Format

Send to

Choose Destination
J Neuroinflammation. 2018 Aug 1;15(1):216. doi: 10.1186/s12974-018-1242-1.

Chronic Toxoplasma infection is associated with distinct alterations in the synaptic protein composition.

Author information

1
Institute of Inflammation and Neurodegeneration, Otto von Guericke University Magdeburg, Magdeburg, Germany.
2
Leibniz Institute for Neurobiology, Magdeburg, Germany.
3
Medical Faculty, Department of Neurology, Otto von Guericke University Magdeburg, Magdeburg, Germany.
4
Center for Behavioral Brain Sciences, Magdeburg, Germany.
5
Helmholtz Centre for Infection Research, Cellular Proteomics Group, Braunschweig, Germany.
6
Centro Integrativo de Biología y Química Aplicada, Universidad Bernardo O'Higgins, Santiago, Chile.
7
Department of Computer Science, Ostfalia University of Applied Sciences, Wolfenbuettel, Germany.
8
Molecular Neurobiology, Medical Faculty, Otto von Guericke University Magdeburg, Magdeburg, Germany.
9
Institute of Inflammation and Neurodegeneration, Otto von Guericke University Magdeburg, Magdeburg, Germany. Ildikodunay@gmail.com.
10
Center for Behavioral Brain Sciences, Magdeburg, Germany. Ildikodunay@gmail.com.

Abstract

BACKGROUND:

Chronic infection with the neurotropic parasite Toxoplasma gondii has been implicated in the risk for several neuropsychiatric disorders. The mechanisms, by which the parasite may alter neural function and behavior of the host, are not yet understood completely.

METHODS:

Here, a novel proteomic approach using mass spectrometry was employed to investigate the alterations in synaptic protein composition in a murine model of chronic toxoplasmosis. In a candidate-based strategy, immunoblot analysis and immunohistochemistry were applied to investigate the expression levels of key synaptic proteins in glutamatergic signaling.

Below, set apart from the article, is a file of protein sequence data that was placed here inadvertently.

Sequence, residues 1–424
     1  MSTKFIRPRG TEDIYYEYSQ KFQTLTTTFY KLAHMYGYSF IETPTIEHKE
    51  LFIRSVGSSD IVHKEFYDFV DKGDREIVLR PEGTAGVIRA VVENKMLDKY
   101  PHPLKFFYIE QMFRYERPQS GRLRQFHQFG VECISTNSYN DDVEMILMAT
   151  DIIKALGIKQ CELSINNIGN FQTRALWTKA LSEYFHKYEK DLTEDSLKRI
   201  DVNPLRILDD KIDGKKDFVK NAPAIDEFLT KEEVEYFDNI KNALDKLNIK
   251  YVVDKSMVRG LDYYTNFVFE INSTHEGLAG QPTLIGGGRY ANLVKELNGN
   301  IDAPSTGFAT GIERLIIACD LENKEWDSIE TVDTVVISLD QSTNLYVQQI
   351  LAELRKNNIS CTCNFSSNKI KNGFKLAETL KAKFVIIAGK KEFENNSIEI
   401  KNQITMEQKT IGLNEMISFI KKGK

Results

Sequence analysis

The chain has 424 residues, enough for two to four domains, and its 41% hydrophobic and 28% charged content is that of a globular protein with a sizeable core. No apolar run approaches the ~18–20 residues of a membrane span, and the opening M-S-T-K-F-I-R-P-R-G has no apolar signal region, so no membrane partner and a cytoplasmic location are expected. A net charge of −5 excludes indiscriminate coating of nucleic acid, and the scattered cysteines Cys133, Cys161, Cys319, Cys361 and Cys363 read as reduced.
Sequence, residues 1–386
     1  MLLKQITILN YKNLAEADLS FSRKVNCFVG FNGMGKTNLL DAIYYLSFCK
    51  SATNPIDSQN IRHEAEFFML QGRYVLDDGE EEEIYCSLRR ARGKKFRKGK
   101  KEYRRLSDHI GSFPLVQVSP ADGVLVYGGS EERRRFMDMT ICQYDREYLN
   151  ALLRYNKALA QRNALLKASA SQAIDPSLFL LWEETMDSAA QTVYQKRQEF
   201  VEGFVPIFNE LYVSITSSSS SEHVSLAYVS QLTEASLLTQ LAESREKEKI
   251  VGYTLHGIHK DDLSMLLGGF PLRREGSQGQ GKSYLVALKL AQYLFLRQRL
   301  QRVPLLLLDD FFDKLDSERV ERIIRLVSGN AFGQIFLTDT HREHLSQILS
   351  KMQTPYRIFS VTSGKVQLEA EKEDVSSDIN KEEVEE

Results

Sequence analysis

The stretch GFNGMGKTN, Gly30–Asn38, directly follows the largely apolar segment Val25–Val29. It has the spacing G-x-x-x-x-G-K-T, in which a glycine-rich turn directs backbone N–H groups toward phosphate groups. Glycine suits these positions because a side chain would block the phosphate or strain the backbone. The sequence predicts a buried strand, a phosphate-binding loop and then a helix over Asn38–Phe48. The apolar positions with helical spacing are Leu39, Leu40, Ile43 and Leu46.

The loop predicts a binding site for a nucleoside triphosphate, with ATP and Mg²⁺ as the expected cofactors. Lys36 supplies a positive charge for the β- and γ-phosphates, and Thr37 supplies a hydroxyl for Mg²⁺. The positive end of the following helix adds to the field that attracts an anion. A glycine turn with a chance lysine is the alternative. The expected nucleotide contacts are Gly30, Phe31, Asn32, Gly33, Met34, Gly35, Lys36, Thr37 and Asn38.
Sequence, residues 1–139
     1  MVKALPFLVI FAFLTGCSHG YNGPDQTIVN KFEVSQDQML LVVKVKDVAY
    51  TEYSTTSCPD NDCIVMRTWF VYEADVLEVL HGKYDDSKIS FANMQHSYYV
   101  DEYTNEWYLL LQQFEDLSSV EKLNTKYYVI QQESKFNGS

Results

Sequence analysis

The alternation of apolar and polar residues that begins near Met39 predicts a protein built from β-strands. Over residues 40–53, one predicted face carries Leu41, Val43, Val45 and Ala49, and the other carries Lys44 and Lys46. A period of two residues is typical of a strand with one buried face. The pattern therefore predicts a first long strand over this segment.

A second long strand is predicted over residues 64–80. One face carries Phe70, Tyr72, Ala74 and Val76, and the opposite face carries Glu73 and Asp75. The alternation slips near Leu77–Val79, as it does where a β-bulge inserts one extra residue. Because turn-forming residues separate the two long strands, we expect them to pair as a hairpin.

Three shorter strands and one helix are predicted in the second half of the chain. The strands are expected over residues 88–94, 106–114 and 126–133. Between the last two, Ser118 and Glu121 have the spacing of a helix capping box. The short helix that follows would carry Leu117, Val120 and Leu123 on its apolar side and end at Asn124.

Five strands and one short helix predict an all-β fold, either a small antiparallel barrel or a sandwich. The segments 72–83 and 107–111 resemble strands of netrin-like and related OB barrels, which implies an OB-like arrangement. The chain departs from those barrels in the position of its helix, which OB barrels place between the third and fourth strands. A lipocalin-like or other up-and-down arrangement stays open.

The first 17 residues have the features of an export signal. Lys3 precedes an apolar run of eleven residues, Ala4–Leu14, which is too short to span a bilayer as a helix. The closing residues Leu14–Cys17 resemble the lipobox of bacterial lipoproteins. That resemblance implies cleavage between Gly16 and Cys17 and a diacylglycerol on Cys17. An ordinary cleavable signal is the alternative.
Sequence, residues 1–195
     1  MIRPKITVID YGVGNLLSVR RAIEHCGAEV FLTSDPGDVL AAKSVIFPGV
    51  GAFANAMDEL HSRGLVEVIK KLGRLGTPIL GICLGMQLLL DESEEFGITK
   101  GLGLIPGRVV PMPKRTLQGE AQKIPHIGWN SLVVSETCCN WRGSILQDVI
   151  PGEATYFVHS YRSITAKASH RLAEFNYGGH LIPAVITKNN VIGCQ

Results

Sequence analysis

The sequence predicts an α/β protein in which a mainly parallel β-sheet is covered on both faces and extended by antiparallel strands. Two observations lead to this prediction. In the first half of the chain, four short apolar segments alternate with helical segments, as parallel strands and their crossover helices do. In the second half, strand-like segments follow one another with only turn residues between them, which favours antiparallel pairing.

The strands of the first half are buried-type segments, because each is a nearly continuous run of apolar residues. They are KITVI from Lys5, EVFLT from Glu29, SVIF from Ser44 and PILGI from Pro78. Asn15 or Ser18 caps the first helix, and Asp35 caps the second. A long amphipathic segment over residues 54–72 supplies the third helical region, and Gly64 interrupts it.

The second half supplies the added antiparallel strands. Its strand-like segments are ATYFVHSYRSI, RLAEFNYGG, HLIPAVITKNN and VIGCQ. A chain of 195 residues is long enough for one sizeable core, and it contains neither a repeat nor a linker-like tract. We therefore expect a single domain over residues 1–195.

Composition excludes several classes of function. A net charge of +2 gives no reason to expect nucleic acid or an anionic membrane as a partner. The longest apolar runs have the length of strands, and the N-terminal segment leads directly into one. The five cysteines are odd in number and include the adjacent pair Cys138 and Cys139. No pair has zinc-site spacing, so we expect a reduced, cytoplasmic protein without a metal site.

RESULTS:

A comparison of the synaptosomal protein composition revealed distinct changes upon infection, with multiple proteins such as EAAT2, Shank3, AMPA receptor, and NMDA receptor subunits being downregulated, whereas inflammation-related proteins showed an upregulation. Treatment with the antiparasitic agent sulfadiazine strongly reduced tachyzoite levels and diminished neuroinflammatory mediators. However, in both conditions, a significant number of latent cysts persisted in the brain. Conversely, infection-related alterations of key synaptic protein levels could be partly reversed by the treatment.

CONCLUSION:

These results provide evidence for profound changes especially in synaptic protein composition in T. gondii-infected mice with a downregulation of pivotal components of glutamatergic neurotransmission. Our results suggest that the detected synaptic alterations are a consequence of the distinct neuroinflammatory milieu caused by the neurotropic parasite.

KEYWORDS:

Chronic Toxoplasma infection; Neuroinflammation; Synaptic proteins; Toxoplasma gondii

Supplemental Content

Full text links

Icon for BioMed Central Icon for PubMed Central
Loading ...
Support Center